H7N9 cases detected in Beijing and ShanghaiThe H7N9 avian influenza virus has sickened two more people in China. The infections were detected in two of the country’s biggest cities: Beijing and Shanghai.A report today from Hong Kong’s Center for Health Protection (CHP), citing mainland health officials, said Beijing’s case involves a 68-year-old man whose illness is classified as an imported infection from Hebei province in the northern part of the country. The man has a history of exposure to live poultry and is hospitalized in critical condition. The case is the first to be detected in Beijing during the latest wave of H7N9 illnesses.Shanghai’s patient is a 58-year-old man who is being treated. No other details were available. His H7N9 illnesses is the fifth from city to be reported in the current wave of activity, though some of the earlier patients had connections to other provinces.Last week China topped the number of infections reported during the second H7N9 wave, which took place during the winter of 2013-2014 only a few months after the first infections were detected in humans. The country now has at least 347 cases for the current wave of activity.Feb 13 CHP statement Feb 10 CIDRAP News story “China now in its worst H7N9 avian flu season on record” New study describes role of Ebola super-spreadersA new study in the Proceedings of the National Academy of Sciences (PNAS) says that super-spreaders likely transmit up to 61% of Ebola virus cases.Though the “super-spreader” phenomenon, where certain patients disproportionately transmit the disease to others, is well-known in viruses such as SARS or MERS-CoV, it has not been studied in Ebola virus. To do so, researchers used outbreak data from Sierra Leone to build a model that showed the effect super-spreaders had on Ebola transmission.The authors looked at data collected from Ebola treatment centers from October of 2014 through March of 2015. They found the basic reproductive number, or the number of cases one patient infected in a naive population, was 2.39. The average incubation period was 6.74 days.A key driver in super-spreading was age. Patients younger than 15 and older than 45 years were more likely to spread the disease. The authors suggested that these patients were more likely to have increased contact in households and with caregivers, and were particularly dangerous in the early days of incubation. “A substantial proportion of secondary cases were either direct or indirect descendants of a small number of super-spreaders, underscoring the importance of super-spreading in driving the epidemic − that is, had the super-spreaders been identified and quarantined promptly,” the authors write.Feb 13 PNAS study Unique stewardship strategy increases ID consultations, study findsThe implementation of a “handshake stewardship” program at a children’s hospital led to a significant increase in infectious disease (ID) consultations, according to a new study in Clinical Infectious Diseases.In the quasi-experimental retrospective cohort study conducted at Children’s Hospital Colorado in Denver, researchers compared rates of initial ID consultations before and after implementing a unique type of antibiotic stewardship program (ASP)—called “handshake stewardship”—that expands on the prospective audit and feedback approach. Handshake stewardship involves daily review of prescribed antimicrobials at 24 and 72 hours, real-time decision support for rapid diagnostic test reporting, and in-person communication between the stewardship team and attending physicians, regardless of whether there are ASP interventions.A comparison of the pre-implementation phase (October 2010-September 2011) to the post-implementation period (October 2013-September 2015) showed that mean monthly ID consultations rose from 31 per 1,000 admissions to 42, an increase of 35%.The authors of the study note the findings run contrary to the concern—expressed by ID providers in a recent survey—that ASPs would lead to a decrease on ID consultations and a loss of income. In addition, they note that ASP-recommended ID consultations only accounted for just over half of the additional ID consultations per month observed after implementation of the program. They argue that this could be an indirect benefit of the handshake stewardship approach.”Daily in-person rounds leads to visibility and familiarity among the inpatient medical teams, breaking down barriers to units that may previously have little interaction with infectious disease providers,” the authors write. “The ‘Handshake Stewardship’ approach provides a unique opportunity for a bi-directional exchange of information and education, often resulting in consultation.” Feb 10 Clin Infect Dis abstract Oral cholera vaccine safety in pregnancyThe killed oral cholera vaccine poses no increased risk for pregnancy loss or adverse birth outcomes when administered to pregnant women, according to a new study published in Vaccine.Cholera vaccines are not currently recommended for use in pregnant women because of unknown safety risks, but infection with cholera in pregnancy can cause severe complications, including death. In this study, 48,414 Bangladeshi women were questioned about cholera immunization status during a 2011 vaccine campaign. Of the 286 women who received the killed oral cholera vaccine (Shanchol) while unknowingly pregnant, 69 were available for follow-up surveillance.Sixteen percent of pregnant women who received Shanchol experienced pregnancy loss, compared to 12% in the control group. Researchers said there was no increased risk in pregnancy loss after using models that controlled for adjusted baseline characteristics.”While more studies are needed, this study supports a recommendation that killed OCVs may be given to pregnant women, for whom a judgment is made that the benefit outweighs the risk, taking account of the epidemiological context of cholera vaccination,” the authors write.Feb 11 Vaccine study Seroprevalence study finds immune system clues in WNV infectionSeroprevalence testing for West Nile virus (WNV) among adults in Connecticut, where the disease is endemic, shows higher seroconversion levels in immunocompromised people, though age didn’t seem to be a significant seroconversion factor. A team from Yale University and Columbia University published their findings in a Feb 10 early online edition of Emerging Infectious Diseases.They looked at blood test results and demographic information from 1,063 adults—890 nonimmunocompromised and 173 immunosuppressed—who were enrolled in a study on immunity and aging. They compared the results with symptomatic WNV patients reported to the Connecticut Department of Health from 2000 to 2014. Previous exposure to WNV was measured by immunoblot testing for the WNV envelope protein. For the positive samples, they screened for cross-reactivity to other flaviviruses.Evidence of WNV exposure was seen in 76 (8.5%) of the nonimmunosuppressed group, none of whom had reported symptoms or were diagnosed with infection. Of 173 immunosuppressed participants, 29 (16.8%) showed evidence of infection. The rates of seroconversion for the two groups did not vary significantly by age or sex, but levels were higher among Hispanic groups, possibly because of different exposure histories. Researchers said the mean age for symptomatic cases reported by the health department was higher than that of the asymptomatic cases, suggesting that age remains a factor for disease susceptibility. They also noted that higher seroconversion rates in the immunosuppressed group might reflect underlying medical conditions or medication regimens.Though environmental conditions affect mosquito vectors, individual factors such as immune status might play a key role in susceptibility to infection and severe disease, the group wrote.Feb 10 Emerg Infect Dis report
“Jika (krisis) terus berlanjut, semua dana talangan yang diterima semua orang (maskapai) akan lenyap. Jika (anjloknya industri penerbangan) berlangsung selama dua atau tiga bulan lagi, mereka bisa memerlukan paket dana talangan lain,” tambahnya.Dalam catatan presiden yang juga lulusan ekonomi dari University of London tersebut, maskapai penerbangan Eropa sejauh ini sudah maupun akan menerima paket stimulus dari pemerintah masing-masing dengan total sebesar US$33,7 miliar atau sekitar Rp477 triliun (kurs 1 dollar – Rp14.150). Maskapai penerbangan di AS juga demikian. Setidaknya sebanyak US$25 miliar atau Rp354 triliun telah dikucurkan pemerintah sebagai bentuk pelaksanaan dari UU CARES. Namun, tetap saja itu tidak akan cukup.Kembali lagi, bila industri penerbangan masih tak juga bergerak naik, lanjut Clark, hanya sedikit pemerintah mana pun di dunia yang sanggup untuk merogoh kocek lebih dalam lagi (per dua atau tiga bulan) untuk mencegah maskapai nasional mereka bangkrut. Bila kondisi seperti ini bertahan setidaknya tiga tahun, sebagaimana prediksi banyak pengamat penerbangan global, artinya pemerintah harus menggelontorkan uang hingga jilid ke-12 (asumsi tiga bulan sekali maskapai butuh paket stimulus dan berlangsung selama tiga tahun).Tak hanya maskapai, dalam pandangan pria 70 tahun yang telah menjabat Presiden Emirates Airlines sejak 2003 lalu itu, unit bisnis lain di industri penerbangan global juga akan terkena imbasnya, mulai dari produsen seperti Airbus dan Boeing sampai lessor.Terbukti, Airbus dan Boeing, selain telah mengurangi kapasitas produksi, mereka juga telah mem-PHK ribuan karyawan di berbagai pabrik di seluruh dunia. Lessor pun demikian, dengan ketidakmampuan maskapai dalam membayar kredit akibat bangkrut atau manajemen keuangan yang mengharuskan mereka menahan cadangan uang cash, membuat perputaran uang di tubuh lessor kacau. Pada akhirnya mereka juga akan terkena imbas dari musibah ini.Baca juga: Lion Group Kembali Hentikan Penerbangan, Pengamat: Mereka ‘Pintar’ Melihat KondisiSenada dengan Clark, CEO Wizz Air, Jozsef Varadi justru memandang persoalan industri penerbangan global lebih rinci lagi. Menurutnya, maskapai akan terkategorisasi menjadi tiga bagian akibat wabah virus corona ini.“Saya juga berpikir bahwa, mengingat situasi saat ini, Anda mungkin akan melihat maskapai penerbangan terbagi ke dalam tiga kategori. Pertama, maskapai penerbangan yang akan diakuisisi oleh pemerintah. Kedua, maskapai yang dapat menyortir diri mereka sendiri seperti kita (Wizz Air) dan dapat bertahan serta bergerak maju. Ketiga, akan ada maskapai yang terjebak dan kemudian akan bangkrut,” kata bos maskapai Hungaria tersebut.Share this:Click to share on Twitter (Opens in new window)Click to share on Facebook (Opens in new window)Like this:Like Loading… Related Emirates Airbus A380 Presiden Emirates Sir Tim Clark memprediksi akan ada lebih banyak maskapai bangkrut di akhir tahun mendatang. Hal itu dikarenakan industri penerbangan global masih belum akan kembali ke kondisi normal, seperti sebelum adanya wabah Covid-19.Baca juga: Emirates Mulai Tahapan PHK, Dimulai dari Staf Kontrak“Saya harus memberitahu bahwa akan ada korban (maskapai bangkrut). Kami (maskapai) tidak bebas dari ini (ancaman kebangkrutan). Pada akhir tahun, akan ada lebih banyak korban. Orang-orang tidak akan bisa bertahan, bahkan dengan suntikan ekuitas, dana talangan, dan lain sebagainya mereka masih akan tetap dalam kesulitan, masih jauh dari harapan (untuk menghindari kebangkrutan),” katanya dalam webinar yang diselenggarakan oleh Aviation Week belum lama ini, sebagaimana dilaporkan Simple Flying.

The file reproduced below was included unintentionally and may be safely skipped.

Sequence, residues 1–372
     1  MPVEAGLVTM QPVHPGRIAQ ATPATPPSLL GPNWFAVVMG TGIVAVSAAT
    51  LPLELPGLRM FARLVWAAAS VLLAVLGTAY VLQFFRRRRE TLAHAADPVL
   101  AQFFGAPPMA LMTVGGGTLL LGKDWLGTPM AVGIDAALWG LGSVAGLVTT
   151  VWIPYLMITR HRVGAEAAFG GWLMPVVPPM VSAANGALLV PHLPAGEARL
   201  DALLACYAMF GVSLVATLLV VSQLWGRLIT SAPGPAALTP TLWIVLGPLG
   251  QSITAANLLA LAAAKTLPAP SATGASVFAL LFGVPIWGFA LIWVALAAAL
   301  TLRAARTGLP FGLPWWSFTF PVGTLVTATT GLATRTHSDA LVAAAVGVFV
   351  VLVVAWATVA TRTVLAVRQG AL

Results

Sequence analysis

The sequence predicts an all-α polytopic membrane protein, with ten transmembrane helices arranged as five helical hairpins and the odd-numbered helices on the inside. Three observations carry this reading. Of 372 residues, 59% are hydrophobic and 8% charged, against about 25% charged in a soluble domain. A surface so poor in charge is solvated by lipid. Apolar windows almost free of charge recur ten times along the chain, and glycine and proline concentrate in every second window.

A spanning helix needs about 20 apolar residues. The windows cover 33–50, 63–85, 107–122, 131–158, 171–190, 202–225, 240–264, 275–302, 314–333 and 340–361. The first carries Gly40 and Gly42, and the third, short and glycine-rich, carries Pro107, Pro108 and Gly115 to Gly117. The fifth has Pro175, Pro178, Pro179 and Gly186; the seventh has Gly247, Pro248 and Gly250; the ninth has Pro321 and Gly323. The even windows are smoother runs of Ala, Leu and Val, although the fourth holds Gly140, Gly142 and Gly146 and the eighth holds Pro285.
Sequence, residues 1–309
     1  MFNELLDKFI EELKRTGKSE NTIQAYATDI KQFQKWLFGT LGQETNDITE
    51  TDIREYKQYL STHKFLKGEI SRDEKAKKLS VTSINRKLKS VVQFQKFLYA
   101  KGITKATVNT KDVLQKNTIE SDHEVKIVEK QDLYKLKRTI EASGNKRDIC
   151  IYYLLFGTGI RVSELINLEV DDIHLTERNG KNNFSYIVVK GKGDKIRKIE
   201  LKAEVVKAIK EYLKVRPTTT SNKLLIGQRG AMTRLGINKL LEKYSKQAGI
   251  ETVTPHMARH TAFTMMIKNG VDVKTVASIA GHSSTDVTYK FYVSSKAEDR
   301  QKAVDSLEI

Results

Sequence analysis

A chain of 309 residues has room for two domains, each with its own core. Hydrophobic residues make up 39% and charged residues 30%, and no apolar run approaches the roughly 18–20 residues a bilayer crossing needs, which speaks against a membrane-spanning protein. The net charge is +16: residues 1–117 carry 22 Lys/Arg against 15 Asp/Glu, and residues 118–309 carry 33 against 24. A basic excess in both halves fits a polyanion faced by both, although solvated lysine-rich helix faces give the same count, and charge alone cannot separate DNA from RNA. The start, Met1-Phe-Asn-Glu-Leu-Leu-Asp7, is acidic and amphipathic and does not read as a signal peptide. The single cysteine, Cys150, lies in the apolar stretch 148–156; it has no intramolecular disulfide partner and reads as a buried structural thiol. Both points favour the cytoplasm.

It is easy to forget through the fog of history what an enormous impact Elvis had on society. He was not just a singer; he was a cultural force, every pelvic thrust a blow to a country that wanted its pop stars more subdued. Elvis was a heathen. “Hell, these were timid times, an’ here’s this white kid up there shakin’ his ass,” Lewis Grizzard, the late humorist, once said, according to the Los Angeles Times. “An’ I remember my grandfather sayin’ that this was the devil’s music, an’ anybody who listened to it was surely gonna go straight t’ hell, which, y’know, did concern me some. Still, I liked it, an’ I figured I’d just take my chances.” Then there is the old story of a conversation between Elvis and fellow rock ‘n’ roller Jerry Lee Lewis. “Why boy, you are the devil!” Lewis said when Elvis asked if they were playing thePity the pioneers. “devil’s music.” Then the devil moved from Hades to Vegas, trading his horns for jumpsuits. The unimaginable happened: Kitsch conquered cool. And those black velvet paintings seemed more substantial than the real thing. If it is easy to forget his significance, however, it is just as important to remember it, especially this year, the 50th anniversary of “Heartbreak Hotel.” The kitsch was temporary. The cool will last forever. Like all of Elvis’ early hits, “Heartbreak Hotel” combined the two key ingredients of rock ‘n’ roll: blues and country. If country gave the music its snap, blues gave it the churning power that makes it so explosive. Without either, rock ‘n’ roll would not be rock ‘n’ roll. “He created something new by definition, because it hadn’t been popular before,” said Howard Kramer, the curatorial director of the Rock and Roll Hall of Fame in Cleveland. “There is no question about that. He wasn’t the first guy to play music like that. He was just the most popular.” If some historians regard Elvis as a breathtaking original, other music lovers see him as a shameless copycat, a singer who co-opted the blues to forge a success denied black artists who came before. Bobby “Blue” Bland, the legendary blues singer, does not see Elvis as a racist, a man who was more imitator than innovator. “People have that outlook because of his color,” Bland, 76, said in a telephone interview from his home in Memphis. “Sure, there was a bigger opening for him than for anybody black. But whatever he did, he did it very well, like Ray Charles when Ray did country. Music is music.” When Elvis climbed the charts first regionally, then nationally Bland detected a “new kid on the block.” The songs were daring but familiar, as if those musical notes had been there all along, waiting for someone to pluck them out of the air. That someone was Elvis, and his success helped every musician who followed, black and white. “If people want to be downright hateful about it, saying he was a copycat, well, that’s their business,” Bland said. “But Elvis did a great thing. “He opened the doors for a lot of people, a lot of black artists, including me. He helped me get the story out about the blues.” If Elvis integrated the jukebox, did he help do the same for society? Was he a civil rights figure? Did the heathen perform a heavenly deed, whether or not it was intentional? “Look, it was as if the country had one street, and you had whites walking on one side, and you had blacks walking on the other side,” Bland said. “Well, after Elvis came along, people started walking on the same side of the street. They started to gel.” Elvis influenced every rock ‘n’ roller who followed, from the Beatles to El Vez, the Mexican American singer from East Los Angeles. “El Vez explains that he grew up thinking that Elvis was Mexicano because he looked like El Vez’s uncles in terms of his dark skin and black pompadour,” said Robert Huesca, a communications professor at Trinity University. “He grew up considering Elvis one of his own in a culture that rarely venerates minorities at the level experienced by Elvis. So I think he must have been moved in a remarkable way by what he considered a minority performer who had captured the hearts and devotion of mass American audiences. That’s a pretty powerful appeal.” And that appeal, broadened to kids of all colors and backgrounds, helped change society. “Without Elvis or someone like Elvis the civil rights movement would have been different,” said Harry Haines, a Trinity University communications professor known as the “expert on all things Elvis.” “He taught white kids how to move their bodies. And when white kids started moving their bodies to the same kind of sound black kids were moving their bodies to, it was very important.” If Elvis helped integrate American society, Kramer said, he was just part of a process that began long before he galvanized the nation with his singing and dancing: In the 1940s, folk singers began advocating civil rights for minorities, spearheaded by legendary artists such as Woody Guthrie. In 1948, President Harry Truman began to integrate the armed forces. In 1954 the year Elvis recorded what some historians regard as the first rock ‘n’ roll song, “That’s All Right” the Supreme Court ruled that “separate educational facilities are inherently unequal” in Brown vs. Board of Education. “Elvis didn’t set out to help integrate society,” Haines said. “All he wanted to be was a movie star, and all he wanted to do was meet beautiful women. But his music moved white kids and black kids, and it broke down racial barriers.” And that is why Elvis, Vegas or no Vegas, will never become inconsequential.165Let’s talk business.Catch up on the business news closest to you with our daily newsletter. Something went wrong. Please try again.subscribeCongratulations! You’re all set! AD Quality Auto 360p 720p 1080p Top articles1/5READ MOREFrumpy Middle-aged Mom: My realistic 2020 New Year’s resolutions. Some involve doughnuts. Once outrageous, they become passe. They are so bold and daring, so aggressive in their determination to push forward, that they become part of the mainstream victims of their own success. They are not rebels without a cause; they are rebels with a cause that no longer matters., Is that what happened to Elvis Presley, the Hillbilly Cat, the King of Rock ‘n’ Roll? Almost 30 years after his death fans will mark the 29th anniversary on Wednesday has Elvis become a joke, as inconsequential as the bland pop stars he obliterated from the cultural landscape in the 1950s? “We don’t sell that many Elvis CDs,” said Steve Alejandro, manager of Hogwild Record & Tapes. “The biggest obstacle to the youth grasping onto Elvis, the way they grasped onto the Beatles and the Stones, is that he devolved into the Las Vegas showman thing. And there’s an element of kitsch to it, and not cool kitsch. “Younger music fans have more of an affinity with Frank Sinatra,” Alejandro continued. “Sinatra always stayed cool. He never became kitschy, at least as far as that perception goes.”